As the Army Corps of Engineers continues to study flood mitigation options for the Buffalo Bayou, Addicks Reservoir and Barker Reservoir watersheds, officials with the Katy Prairie Conservancy said they and a coalition of other stakeholders are urging the Corps to reassess its early findings.
The Corps released an interim report in early October that put several possible solutions up for public comment. Two concepts that have emerged as early contenders involve building a 190,000-acre-foot reservoir on Katy prairie land. Downstream of the Addicks and Barker reservoirs, the Corps is also looking into the possibility of deepening and widening Buffalo Bayou.
MaryAnne Piacentini, president of the nonprofit Katy Prairie Conservancy, has expressed concern about using prairie land for a reservoir in the past, arguing that the reservoir would disrupt the life cycles of various species, that the land already provides flood control benefits and that other concepts would make more sense from a cost-benefit standpoint as well. She said was surprised to see the Cypress Creek reservoir concept still under consideration at this point in the process.
"It appeared from the initial analysis that the Cypress Creek reservoir would not be one of the chosen alternatives," she said. "That it did not seem to have enough cost-benefit [and] it might take too much time to do."
The KPC is among several groups—along with the Houston Parks Board and the Cypress Creek Flood Control Coalition—that is asking the Army Corps to extend its public comment period from Nov. 2 to Dec. 31 and to provide more data on how it reached the conclusions laid out in the interim report. Corps officials have emphasized that no official recommendations or rankings have been made yet and that nothing is set in stone.
In its interim report, the Army Corps detailed some of the adverse effects the reservoir concept would have on prairie land if built. The reservoir would "significantly alter and degrade more than 75% of the remaining range-wide Katy Prairie habitat and a significant portion of the actively managed and preserved remaining habitat," according to the report.
Having the land inundated with water at seasonably unpredictable times would disrupt the life cycles of protected plants and animals, Piacentini said. Many plants cannot withstand inundation for extended periods of time, which would result in a decline in plant and soil biodiversity over time, she said.
Based on what she has observed in the public feedback process, Piacentini said the proposals in the interim report largely seemed to lack public support. She said the KPC and others have devised a four-pillar alternative plan that they are hoping the Corps takes into consideration as the study continues.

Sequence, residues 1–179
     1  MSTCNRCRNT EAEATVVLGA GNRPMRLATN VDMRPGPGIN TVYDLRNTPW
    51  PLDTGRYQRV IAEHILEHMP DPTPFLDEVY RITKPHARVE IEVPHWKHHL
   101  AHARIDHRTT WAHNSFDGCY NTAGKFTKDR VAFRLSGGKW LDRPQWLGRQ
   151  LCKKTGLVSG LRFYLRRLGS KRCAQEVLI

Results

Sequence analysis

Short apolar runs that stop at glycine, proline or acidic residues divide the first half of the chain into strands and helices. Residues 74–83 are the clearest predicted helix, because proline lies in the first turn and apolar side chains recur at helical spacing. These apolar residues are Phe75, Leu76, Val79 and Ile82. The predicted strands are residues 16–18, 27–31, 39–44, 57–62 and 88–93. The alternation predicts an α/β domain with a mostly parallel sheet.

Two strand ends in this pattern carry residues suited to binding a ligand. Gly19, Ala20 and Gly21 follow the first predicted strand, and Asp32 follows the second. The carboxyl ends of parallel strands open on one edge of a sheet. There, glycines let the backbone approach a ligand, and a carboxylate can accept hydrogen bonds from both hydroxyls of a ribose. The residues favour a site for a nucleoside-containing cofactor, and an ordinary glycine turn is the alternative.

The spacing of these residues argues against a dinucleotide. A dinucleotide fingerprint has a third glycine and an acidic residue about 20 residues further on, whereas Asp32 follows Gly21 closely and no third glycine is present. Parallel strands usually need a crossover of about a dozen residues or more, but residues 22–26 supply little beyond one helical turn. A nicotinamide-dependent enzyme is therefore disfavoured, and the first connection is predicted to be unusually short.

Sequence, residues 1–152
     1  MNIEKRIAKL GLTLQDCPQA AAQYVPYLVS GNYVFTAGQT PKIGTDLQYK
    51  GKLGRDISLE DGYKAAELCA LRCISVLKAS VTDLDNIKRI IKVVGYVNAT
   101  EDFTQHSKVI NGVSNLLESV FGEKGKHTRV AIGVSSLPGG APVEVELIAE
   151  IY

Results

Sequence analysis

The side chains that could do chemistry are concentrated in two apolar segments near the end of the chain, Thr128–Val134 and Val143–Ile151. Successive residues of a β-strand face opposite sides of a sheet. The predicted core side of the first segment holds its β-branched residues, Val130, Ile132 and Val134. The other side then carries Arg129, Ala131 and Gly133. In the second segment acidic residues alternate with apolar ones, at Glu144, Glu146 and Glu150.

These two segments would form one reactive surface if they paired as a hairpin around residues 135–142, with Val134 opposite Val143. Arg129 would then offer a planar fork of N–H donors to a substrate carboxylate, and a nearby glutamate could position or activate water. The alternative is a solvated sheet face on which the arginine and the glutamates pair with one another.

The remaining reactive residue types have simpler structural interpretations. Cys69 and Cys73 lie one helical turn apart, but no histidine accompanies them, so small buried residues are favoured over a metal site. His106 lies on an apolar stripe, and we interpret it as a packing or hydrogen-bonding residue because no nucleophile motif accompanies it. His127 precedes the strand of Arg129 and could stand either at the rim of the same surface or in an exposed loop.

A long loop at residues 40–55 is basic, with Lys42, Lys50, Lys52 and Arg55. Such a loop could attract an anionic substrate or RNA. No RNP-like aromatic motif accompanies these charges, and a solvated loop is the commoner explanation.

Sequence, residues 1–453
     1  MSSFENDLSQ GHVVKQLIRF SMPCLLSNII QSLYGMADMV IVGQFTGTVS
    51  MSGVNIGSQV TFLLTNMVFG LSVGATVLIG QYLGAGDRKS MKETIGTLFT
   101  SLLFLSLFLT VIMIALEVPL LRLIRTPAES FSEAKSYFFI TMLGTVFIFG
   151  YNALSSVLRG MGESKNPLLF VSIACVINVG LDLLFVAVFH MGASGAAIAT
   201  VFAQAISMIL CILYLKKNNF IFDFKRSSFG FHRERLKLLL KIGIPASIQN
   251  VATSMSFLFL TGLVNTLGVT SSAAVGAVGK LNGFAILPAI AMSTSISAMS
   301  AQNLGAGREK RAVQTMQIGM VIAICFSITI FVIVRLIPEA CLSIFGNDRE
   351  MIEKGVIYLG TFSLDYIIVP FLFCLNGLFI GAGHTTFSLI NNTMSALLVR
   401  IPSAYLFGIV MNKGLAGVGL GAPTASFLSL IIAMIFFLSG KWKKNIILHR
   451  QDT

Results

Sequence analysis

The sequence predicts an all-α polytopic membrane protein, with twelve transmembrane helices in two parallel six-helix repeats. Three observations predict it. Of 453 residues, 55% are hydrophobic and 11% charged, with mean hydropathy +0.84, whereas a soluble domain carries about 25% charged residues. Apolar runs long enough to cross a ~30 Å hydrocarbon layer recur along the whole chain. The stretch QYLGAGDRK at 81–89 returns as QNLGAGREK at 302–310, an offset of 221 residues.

- Work in the upper Cypress Creek watershed including: expanding the Katy prairie; having the HCFCD acquire detention rights on private land through voluntary agreements with landowners; making channel improvements to improve storage along Cypress Creek and South Mayde Creek; and developing a series of smaller reservoirs in upper Addicks Watershed
- Expand the capacities of the Addicks and Barker reservoirs
- Strengthen the dam to ensure no spillover
- Improve conveyance along Buffalo Bayou, possibly through use of an underground tunnel
The underground tunnel concept was screened in the Army Corps interim report because of how expensive it was, but HCFCD officials continue to conduct their own studies into whether a tunnel would be an effective concept along several possible routes, including Buffalo Bayou.
"We are surprised the [Army Corps] screened that out," Piacentini said. "We are heartened that the [flood control] district believes that it can still be studied and should be studied."
Piacentini also acknowledged the challenges of expanding the reservoir capacities, but said she believed there is potential for the capacity to be doubled.
"There are some environmental concerns, and we need to look at those," she said. "But we think this can be done by using discretion as to where you dig, and maybe the places that are a little more precious would be protected from excavation."
Piacentini said she is hopeful the Corps will extend the comment period and is cautiously optimistic that they will take the four-pillar plan into account moving forward as the modeling and analysis continues. She said it is crucial for the Amry Corps to remain involved with the project due to the sheer scope and cost of what needs to be done.
"None of these things are easy," Piacentini said. "We understand that this is a very difficult problem to solve and we understand that there may be some issues with each [solution]. I think the good news is the environmental community is starting to work with the engineering community and the business community to look at problems together."
No matter how the Corps moves forward, Piacentini said she will work to protect the prairie land.
"We have responsibility to protect that land permanently; it’s supposed to be forever," she said. "We’re going to do everything we can to protect our land, but we’re also going to do everything we can to work with the community to let them know there’s a better way to do this."
Public comments can continue to be submitted here through Nov. 2, pending a possible extension in the public comment period. A fourth and final hearing for public comments will be held virtually from 1-3 p.m. on Oct. 26.